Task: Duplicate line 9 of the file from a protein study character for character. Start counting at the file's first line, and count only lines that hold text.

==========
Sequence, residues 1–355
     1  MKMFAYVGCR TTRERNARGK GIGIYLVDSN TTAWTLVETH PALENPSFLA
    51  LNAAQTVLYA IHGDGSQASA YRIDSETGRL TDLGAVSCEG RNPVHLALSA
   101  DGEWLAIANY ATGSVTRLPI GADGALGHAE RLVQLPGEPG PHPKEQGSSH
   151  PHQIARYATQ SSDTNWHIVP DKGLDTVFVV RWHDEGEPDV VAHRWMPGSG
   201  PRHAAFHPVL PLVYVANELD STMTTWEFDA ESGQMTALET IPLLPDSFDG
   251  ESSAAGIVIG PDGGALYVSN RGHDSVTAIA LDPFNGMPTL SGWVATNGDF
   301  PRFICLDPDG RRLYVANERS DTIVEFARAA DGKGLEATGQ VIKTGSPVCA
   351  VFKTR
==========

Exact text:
   351  VFKTR